York U study on male and female fat tissue highlights differences in health implications

New research from York University on fat tissue is providing an important clue as to how females stay healthier than males, even as their body fat increases.

Tara Haas
Tara Haas

Published Oct. 23 in Frontiers in Physiology – Vascular Physiology, the research focuses on the differences between male and female abdominal fat in mice. A team of researchers under the direction of Faculty of Health Professor Tara Haas found that female abdominal fat had more blood vessels than the fat on males, which could be a factor in protecting the health of females as they gain fat from eating a high-fat diet.

Males and females develop fat tissue differently and also differ in susceptibility to cardiovascular disease, insulin resistance and diabetes. However, the underlying biology behind why fat tissue in females is more protective against these conditions was not well understood, says Haas, a professor in the School of Kinesiology and Health Science.

Blood vessels are critical for maintaining healthy fat tissue by ensuring that the expanding fat cells are supplied with enough oxygen and nutrients, so the researchers looked at whether the abilities of the fat tissue to grow blood vessels and maintain healthy fat tissue would be different between males and females.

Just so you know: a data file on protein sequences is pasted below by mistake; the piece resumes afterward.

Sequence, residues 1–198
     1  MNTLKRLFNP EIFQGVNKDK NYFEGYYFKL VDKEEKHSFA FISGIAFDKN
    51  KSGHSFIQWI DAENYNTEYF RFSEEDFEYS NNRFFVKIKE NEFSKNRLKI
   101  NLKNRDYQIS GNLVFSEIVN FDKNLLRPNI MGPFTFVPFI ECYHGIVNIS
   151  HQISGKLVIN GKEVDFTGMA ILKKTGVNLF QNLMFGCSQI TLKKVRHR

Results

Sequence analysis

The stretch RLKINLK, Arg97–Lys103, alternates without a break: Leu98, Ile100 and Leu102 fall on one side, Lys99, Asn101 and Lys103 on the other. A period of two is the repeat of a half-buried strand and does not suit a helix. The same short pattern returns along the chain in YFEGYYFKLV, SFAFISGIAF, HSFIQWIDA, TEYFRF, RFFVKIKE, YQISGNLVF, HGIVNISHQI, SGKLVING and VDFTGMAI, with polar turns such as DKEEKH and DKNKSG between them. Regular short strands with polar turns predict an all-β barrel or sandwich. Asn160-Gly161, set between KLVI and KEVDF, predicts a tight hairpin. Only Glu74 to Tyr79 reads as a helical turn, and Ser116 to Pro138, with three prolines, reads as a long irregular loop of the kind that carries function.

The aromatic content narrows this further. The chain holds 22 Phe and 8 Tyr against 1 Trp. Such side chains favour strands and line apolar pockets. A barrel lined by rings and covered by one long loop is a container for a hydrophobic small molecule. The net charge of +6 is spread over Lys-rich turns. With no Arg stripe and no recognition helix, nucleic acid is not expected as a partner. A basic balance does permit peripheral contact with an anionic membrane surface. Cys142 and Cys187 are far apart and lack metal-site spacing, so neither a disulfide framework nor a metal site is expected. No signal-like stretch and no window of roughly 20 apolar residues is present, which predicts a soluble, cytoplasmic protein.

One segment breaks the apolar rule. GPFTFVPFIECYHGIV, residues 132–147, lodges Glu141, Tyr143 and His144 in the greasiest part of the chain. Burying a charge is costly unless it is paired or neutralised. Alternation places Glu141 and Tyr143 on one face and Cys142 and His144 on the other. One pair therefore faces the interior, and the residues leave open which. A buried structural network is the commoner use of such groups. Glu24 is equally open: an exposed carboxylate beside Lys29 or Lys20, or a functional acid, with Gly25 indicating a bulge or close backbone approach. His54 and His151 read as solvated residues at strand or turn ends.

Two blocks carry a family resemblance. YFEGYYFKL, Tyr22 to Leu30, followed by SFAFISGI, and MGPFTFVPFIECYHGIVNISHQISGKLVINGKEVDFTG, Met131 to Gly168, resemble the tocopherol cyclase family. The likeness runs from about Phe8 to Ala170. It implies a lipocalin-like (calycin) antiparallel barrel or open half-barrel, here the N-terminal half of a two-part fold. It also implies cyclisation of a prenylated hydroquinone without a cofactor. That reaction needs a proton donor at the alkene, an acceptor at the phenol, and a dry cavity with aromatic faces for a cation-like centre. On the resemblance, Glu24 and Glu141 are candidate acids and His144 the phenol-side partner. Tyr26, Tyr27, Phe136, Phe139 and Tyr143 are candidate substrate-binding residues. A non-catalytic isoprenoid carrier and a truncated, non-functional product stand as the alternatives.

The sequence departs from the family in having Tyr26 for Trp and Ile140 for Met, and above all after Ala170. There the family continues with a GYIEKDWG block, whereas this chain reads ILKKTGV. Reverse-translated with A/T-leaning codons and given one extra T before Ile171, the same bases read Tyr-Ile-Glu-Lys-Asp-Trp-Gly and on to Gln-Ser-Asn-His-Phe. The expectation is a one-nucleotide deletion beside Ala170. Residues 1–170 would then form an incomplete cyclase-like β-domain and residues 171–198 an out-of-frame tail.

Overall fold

Researchers found that female mice have a higher number of blood vessels in their fat than males, and that females increase their number of blood vessels as they are fed a high-fat diet, while male mice do not.

“We concluded that this response enabled females to maintain healthier fat and better insulin sensitivity,” said Haas.

An image of the blood vessels in female fat tissue
An image of the blood vessels in female fat tissue

Martina Rudnicki, a York postdoctoral associate and first author of the study, pointed out that the study was unique because it focused on the differences in male and female fat tissue in the abdominal area. Although fat accumulates in different regions of the body, it is abdominal fat that is closely linked with increased risk of developing diabetes, particularly in males. So, the fact that females grow new blood vessels in this abdominal fat during weight gain may exert a health advantage for females.

The sex differences in the fundamental cellular processes that regulate the growth of blood vessels were unappreciated in the past, said Haas. It is important to understand them because they may contribute to an individual’s susceptibility to developing serious obesity-related health complications such as diabetes, heart disease and cancer, ultimately impacting the health of more than 5.3 million Canadian adults.

The research team plans to further test these findings in human samples. While it is clear that females also develop health problems with obesity, the fact that there was such a difference in the vascularization in male and female fat may mean it would be more effective to have different treatments for males and females.